Monsoons and cyclones threaten lives of refugees from Myanmar
CARE has worked in Myanmar since 1995 with the aim to improve the living standards of rural communities through health intervention programs, including HIV/AIDS prevention and care, as well as nutritional support for pregnant mothers and children; food security and livelihoods programs, comprised of support for agriculture, fisheries, and livestock; and water, sanitation and hygiene.
As cross-cutting measures, CARE Myanmar is addressing disaster risk reduction and gender.
A week ago, I was in Cox’s Bazaar refugee camp in Bangladesh walking up hills of exposed sandy soil covered by endless bamboo and plastic huts that more than 800,000 refugees from Myanmar now call home. This camp has been referred to as one of the densest in the world and is certainly the densest
Mohammed is from a northern town in Myanmar. He is married to Jannat. As well as their one-year-old daughter, Umme, the couple have three sons aged three, four and five-years.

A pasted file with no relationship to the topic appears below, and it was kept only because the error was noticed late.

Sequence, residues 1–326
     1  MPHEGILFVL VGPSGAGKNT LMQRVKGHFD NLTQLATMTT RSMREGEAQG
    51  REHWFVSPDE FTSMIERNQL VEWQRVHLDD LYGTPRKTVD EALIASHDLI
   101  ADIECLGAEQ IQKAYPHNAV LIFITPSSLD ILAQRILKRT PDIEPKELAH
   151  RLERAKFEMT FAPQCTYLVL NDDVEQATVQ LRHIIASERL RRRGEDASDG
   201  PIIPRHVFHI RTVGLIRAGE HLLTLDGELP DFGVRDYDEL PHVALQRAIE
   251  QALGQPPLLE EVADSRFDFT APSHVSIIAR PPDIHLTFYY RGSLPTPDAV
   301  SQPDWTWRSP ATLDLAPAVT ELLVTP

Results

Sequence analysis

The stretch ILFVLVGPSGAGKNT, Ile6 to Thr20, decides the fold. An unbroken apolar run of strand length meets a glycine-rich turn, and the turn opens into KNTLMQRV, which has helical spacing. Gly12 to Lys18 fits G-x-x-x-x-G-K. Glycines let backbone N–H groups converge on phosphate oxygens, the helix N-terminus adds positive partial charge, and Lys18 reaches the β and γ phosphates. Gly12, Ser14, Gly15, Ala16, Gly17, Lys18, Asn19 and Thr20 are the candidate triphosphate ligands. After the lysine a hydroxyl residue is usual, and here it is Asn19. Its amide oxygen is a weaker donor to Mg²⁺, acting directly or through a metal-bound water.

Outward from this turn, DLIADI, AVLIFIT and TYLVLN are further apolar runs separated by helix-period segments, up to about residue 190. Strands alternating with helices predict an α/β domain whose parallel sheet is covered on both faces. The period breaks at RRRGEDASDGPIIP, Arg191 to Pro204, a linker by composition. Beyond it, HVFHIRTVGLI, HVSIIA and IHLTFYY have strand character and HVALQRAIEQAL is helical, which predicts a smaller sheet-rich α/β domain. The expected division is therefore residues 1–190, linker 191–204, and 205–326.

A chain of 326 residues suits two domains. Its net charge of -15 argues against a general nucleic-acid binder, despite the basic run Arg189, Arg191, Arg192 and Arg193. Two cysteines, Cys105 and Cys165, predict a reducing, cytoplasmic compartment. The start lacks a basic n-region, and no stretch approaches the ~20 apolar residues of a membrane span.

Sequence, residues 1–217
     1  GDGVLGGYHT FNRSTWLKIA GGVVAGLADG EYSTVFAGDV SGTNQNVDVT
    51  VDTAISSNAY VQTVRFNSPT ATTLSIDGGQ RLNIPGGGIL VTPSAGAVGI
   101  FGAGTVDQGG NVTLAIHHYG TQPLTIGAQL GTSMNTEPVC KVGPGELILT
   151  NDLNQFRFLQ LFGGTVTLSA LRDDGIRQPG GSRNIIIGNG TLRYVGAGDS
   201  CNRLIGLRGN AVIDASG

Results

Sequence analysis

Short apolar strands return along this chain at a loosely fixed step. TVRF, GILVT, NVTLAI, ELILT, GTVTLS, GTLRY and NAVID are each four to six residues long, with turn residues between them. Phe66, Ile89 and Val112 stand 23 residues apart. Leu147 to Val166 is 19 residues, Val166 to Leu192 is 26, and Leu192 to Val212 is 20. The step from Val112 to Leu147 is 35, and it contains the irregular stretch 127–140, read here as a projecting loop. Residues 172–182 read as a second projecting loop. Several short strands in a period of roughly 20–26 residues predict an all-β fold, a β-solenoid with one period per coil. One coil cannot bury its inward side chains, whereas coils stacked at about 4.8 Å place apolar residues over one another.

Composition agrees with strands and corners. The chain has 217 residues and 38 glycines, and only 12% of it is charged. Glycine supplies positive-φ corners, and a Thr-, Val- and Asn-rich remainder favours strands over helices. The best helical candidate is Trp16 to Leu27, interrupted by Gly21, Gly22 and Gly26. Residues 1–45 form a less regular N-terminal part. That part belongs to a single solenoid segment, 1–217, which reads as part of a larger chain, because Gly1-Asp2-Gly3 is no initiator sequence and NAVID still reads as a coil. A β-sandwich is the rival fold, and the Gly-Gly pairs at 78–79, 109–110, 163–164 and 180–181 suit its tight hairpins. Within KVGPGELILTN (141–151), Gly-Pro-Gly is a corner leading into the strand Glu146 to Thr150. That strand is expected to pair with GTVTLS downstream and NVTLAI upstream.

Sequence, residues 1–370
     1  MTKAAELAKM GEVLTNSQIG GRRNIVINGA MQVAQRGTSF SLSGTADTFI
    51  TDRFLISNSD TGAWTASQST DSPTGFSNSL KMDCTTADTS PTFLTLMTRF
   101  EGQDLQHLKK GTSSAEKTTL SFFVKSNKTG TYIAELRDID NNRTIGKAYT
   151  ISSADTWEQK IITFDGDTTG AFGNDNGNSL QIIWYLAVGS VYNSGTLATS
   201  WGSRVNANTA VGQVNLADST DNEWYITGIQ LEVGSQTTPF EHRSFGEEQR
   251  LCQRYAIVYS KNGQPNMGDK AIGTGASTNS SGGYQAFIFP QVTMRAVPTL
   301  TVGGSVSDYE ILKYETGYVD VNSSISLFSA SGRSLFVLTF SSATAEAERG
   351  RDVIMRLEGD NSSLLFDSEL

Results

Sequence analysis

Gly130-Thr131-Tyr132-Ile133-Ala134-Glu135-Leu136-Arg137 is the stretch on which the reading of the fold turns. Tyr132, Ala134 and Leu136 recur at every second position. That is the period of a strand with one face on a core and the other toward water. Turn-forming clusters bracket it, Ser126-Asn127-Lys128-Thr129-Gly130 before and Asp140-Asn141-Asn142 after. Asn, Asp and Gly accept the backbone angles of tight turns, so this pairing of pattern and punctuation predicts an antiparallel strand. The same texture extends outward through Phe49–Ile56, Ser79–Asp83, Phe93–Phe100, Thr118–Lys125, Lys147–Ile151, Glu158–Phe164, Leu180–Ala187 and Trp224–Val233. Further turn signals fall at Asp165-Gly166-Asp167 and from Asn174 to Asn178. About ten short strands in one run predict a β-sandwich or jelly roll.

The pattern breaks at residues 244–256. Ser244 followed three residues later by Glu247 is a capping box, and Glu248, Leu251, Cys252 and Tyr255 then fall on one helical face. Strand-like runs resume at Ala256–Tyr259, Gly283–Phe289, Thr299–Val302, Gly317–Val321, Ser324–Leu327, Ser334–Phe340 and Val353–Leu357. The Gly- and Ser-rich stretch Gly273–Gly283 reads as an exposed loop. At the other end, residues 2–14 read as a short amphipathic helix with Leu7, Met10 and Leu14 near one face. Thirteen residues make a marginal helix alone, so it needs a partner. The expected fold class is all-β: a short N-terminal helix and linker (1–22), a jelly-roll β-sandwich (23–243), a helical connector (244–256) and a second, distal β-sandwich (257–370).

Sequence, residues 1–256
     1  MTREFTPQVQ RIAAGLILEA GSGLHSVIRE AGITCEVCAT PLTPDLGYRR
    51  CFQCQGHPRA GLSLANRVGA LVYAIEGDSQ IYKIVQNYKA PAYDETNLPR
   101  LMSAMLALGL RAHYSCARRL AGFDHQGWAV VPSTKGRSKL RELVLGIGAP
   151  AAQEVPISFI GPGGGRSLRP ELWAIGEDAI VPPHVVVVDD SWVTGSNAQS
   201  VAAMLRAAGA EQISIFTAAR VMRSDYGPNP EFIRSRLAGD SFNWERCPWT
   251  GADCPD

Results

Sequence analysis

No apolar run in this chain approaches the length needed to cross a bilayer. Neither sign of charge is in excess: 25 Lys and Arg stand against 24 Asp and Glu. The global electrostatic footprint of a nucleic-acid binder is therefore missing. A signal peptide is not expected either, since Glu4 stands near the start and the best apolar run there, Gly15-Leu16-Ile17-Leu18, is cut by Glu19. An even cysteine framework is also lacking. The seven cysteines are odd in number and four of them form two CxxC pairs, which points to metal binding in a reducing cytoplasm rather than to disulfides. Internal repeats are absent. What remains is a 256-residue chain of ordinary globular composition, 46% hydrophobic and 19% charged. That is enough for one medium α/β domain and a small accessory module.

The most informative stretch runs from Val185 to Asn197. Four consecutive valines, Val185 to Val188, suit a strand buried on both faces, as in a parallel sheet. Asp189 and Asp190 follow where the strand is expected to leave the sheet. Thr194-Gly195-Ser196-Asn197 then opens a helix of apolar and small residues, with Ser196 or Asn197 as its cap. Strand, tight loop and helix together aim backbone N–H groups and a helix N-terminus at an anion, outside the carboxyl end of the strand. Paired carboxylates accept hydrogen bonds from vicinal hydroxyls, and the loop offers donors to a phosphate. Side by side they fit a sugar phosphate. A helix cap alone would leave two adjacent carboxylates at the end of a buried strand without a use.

The family fled violence in Myanmar and arrived in Bangladesh.
Hossein is seven years old. He is from Myanmar. He now lives in Balukhali camp in Bangladesh with his mother and siblings. They share a shelter with another single mother family, with a small partition separating the two families.
Johara is 27-years-old.
She currently lives with her husband and children in a makeshift shelter in Balukhali camp in Bangladesh. She is from the western part of Myanmar but fled violence.
Kulsoma lives in a makeshift shelter in Unchiprang refugee settlement.
Miamuna is 18-years-old. She is living in a makeshift shelter in Gumdum informal settlement with her baby daughter (not yet named) and her husband Mohammed.
Aloma is 45-years-old. She brought her one-year-old daughter, Mufija, and nine-year-old daughter, Shumaya, to the health clinic to pick up some food.